44% Voters In Metros Say They Will Vote AAP in Lok Sabha Elections

India’s biggest metropolises are eagerly looking forward to the Aam Aadmi Party going national and expect it to make a big splash in the 2014 Lok Sabha elections, but a majority still view Narendra Modi as a better prime ministerial prospect than Arvind Kejriwal with Rahul Gandhi a distant third.

That’s the message from an opinion poll across the country’s eight most populous cities — Delhi, Mumbai, Kolkata, Chennai, Bangalore, Hyderabad, Pune and Ahmedabad — conducted exclusively for TOI by market research agency IPSOS.

The survey found that a third of the respondents thought AAP would win between 26 and 50 seats, another 26% felt it could win 51-100 seats, 11% said it would bag more than 100 and 5% even predicted a majority for the party. Put together, that means three-fourths of all those polled believe AAP will win more seats in 2014 than any party, barring what Congress and BJP won in 2009.

Given that 44% of those polled said they would vote for an AAP candidate if there was one in their constituency, and another 27% said they might, depending on the candidate, it is not difficult to see why the respondents rate AAP’s electoral prospects so high.

As for prime ministerial preferences, 58% picked Modi, 25% were for Kejriwal — despite AAP making it clear he is not in the running — and only 14% thought Rahul Gandhi would make the best PM. In Chennai and Mumbai, Kejriwal was preferred over Modi, and even in Modi’s home turf, Ahmedabad, 31% thought Kejriwal was the best choice.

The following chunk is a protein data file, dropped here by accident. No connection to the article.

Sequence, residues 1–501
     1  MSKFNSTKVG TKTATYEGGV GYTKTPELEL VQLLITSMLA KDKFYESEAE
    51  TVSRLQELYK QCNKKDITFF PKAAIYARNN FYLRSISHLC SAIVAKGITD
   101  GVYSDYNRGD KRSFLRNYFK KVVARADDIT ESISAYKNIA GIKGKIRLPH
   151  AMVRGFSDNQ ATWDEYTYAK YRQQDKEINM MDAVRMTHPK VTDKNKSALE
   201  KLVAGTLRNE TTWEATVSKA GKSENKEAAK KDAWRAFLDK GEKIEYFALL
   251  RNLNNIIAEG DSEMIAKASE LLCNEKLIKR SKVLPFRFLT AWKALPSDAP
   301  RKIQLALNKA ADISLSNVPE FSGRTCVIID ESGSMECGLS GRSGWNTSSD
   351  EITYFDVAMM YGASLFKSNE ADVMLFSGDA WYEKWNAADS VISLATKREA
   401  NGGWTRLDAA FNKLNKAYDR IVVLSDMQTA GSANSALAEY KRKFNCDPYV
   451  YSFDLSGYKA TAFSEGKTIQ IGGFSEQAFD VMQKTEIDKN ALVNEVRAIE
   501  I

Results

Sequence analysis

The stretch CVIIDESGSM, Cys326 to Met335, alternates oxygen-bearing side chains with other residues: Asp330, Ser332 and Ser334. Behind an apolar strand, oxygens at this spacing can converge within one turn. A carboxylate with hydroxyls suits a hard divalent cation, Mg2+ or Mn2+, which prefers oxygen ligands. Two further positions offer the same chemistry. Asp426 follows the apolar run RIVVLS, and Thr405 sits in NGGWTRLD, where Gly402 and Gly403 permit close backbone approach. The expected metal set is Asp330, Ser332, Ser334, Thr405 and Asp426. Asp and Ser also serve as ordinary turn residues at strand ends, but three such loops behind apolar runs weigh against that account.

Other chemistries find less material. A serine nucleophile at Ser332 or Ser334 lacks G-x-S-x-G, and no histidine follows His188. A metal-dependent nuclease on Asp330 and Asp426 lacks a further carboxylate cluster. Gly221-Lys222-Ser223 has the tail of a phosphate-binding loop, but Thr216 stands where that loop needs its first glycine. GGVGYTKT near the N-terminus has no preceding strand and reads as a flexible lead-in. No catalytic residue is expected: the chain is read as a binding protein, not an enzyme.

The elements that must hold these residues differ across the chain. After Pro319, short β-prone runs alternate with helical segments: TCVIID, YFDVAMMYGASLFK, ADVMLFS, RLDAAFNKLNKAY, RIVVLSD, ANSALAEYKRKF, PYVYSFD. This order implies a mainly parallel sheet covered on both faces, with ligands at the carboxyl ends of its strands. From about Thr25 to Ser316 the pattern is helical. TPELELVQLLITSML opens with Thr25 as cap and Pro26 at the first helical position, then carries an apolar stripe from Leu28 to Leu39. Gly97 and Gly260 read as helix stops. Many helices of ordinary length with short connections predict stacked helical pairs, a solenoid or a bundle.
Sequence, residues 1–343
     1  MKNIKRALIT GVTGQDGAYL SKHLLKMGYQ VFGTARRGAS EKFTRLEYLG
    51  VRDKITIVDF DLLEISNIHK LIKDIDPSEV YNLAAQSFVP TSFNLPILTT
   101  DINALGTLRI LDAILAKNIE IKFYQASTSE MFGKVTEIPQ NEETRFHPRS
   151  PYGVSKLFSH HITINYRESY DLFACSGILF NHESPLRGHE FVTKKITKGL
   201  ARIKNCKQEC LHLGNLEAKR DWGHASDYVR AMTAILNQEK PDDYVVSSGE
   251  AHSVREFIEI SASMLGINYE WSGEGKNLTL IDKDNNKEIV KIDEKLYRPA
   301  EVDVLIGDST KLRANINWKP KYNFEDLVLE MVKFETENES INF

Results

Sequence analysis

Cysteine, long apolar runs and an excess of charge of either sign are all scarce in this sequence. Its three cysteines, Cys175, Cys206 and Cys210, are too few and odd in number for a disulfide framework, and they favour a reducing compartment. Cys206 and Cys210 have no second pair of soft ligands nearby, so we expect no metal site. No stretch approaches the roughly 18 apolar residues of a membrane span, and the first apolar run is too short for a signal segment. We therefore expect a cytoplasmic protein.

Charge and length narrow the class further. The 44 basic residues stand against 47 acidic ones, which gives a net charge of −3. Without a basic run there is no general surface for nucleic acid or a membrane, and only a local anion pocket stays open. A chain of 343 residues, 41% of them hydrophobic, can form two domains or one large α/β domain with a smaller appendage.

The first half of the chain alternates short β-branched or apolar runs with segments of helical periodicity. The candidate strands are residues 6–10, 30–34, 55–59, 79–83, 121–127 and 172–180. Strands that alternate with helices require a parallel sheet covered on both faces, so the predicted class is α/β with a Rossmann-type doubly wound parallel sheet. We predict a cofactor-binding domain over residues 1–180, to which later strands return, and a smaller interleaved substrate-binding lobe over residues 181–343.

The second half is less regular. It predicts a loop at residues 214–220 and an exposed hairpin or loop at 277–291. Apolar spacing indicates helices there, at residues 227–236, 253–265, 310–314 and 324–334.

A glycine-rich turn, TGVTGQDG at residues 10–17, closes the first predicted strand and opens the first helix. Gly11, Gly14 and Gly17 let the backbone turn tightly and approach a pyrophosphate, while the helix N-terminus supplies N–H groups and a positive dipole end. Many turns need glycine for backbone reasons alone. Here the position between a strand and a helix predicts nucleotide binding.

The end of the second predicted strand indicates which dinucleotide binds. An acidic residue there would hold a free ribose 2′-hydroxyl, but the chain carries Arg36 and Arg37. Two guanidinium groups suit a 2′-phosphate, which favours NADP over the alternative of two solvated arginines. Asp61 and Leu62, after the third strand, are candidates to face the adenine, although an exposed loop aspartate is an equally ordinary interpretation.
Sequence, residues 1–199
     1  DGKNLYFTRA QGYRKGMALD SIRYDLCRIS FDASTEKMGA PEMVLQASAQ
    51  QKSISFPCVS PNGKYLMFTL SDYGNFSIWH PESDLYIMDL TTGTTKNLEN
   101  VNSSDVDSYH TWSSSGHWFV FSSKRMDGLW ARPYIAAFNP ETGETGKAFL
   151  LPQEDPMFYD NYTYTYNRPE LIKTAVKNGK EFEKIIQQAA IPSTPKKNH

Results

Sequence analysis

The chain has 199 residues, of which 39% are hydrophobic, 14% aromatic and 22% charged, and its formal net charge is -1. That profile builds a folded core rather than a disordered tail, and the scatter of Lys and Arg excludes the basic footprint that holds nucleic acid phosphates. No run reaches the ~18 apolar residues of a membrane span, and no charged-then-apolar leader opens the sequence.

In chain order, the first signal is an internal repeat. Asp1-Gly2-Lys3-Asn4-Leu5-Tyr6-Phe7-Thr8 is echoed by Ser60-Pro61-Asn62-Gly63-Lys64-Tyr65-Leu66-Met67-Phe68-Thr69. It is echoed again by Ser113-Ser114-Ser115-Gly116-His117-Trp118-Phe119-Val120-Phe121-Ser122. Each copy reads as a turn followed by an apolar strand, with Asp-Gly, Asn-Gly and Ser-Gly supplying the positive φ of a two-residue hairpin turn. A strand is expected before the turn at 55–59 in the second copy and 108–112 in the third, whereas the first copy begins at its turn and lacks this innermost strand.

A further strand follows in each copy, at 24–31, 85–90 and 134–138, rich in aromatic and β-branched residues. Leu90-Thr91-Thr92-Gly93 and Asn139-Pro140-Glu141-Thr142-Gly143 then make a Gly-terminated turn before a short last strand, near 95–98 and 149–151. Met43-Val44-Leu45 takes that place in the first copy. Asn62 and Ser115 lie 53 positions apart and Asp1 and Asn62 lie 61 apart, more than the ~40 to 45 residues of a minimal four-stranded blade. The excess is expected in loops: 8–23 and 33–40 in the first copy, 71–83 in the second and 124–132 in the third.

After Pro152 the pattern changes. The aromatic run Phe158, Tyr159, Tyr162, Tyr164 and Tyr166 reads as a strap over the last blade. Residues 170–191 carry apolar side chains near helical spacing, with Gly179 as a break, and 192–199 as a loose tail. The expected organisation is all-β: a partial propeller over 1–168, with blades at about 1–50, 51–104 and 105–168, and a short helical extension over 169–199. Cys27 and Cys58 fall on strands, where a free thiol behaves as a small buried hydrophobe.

Respondents were divided on which party would be worst hit by AAP doing well. A little less than a third said BJP would be worst hit, about a quarter said Congress would bear the brunt and a similar proportion said both the national parties would suffer equally. Interestingly, in Chennai, where politics is dominated by two regional parties, 44% felt regional parties would be worst hit.

What’s driving this bullish reading of AAP’s prospects? The answers to two questions in the survey give us the answer. The first of these shows that 50% feel AAP is not only very different from other parties, it will stay that way and another 24% feel it is forcing others too to modify their politics. A sizeable 26%, however, felt that AAP is different now, but it might find it difficult to sustain this.

Asked what they find most appealing about the new party, 40% cited its “sincere efforts” at addressing issues of ordinary people, another 35% said it is full of honest people who would root out corruption and 24% said the fact that it was involving people in decision making was its best aspect.

That 44% said AAP would help in at least reducing corruption and another 29% felt it would be able to completely eliminate it, says a lot about how positively the party is currently being viewed in India’s biggest cities.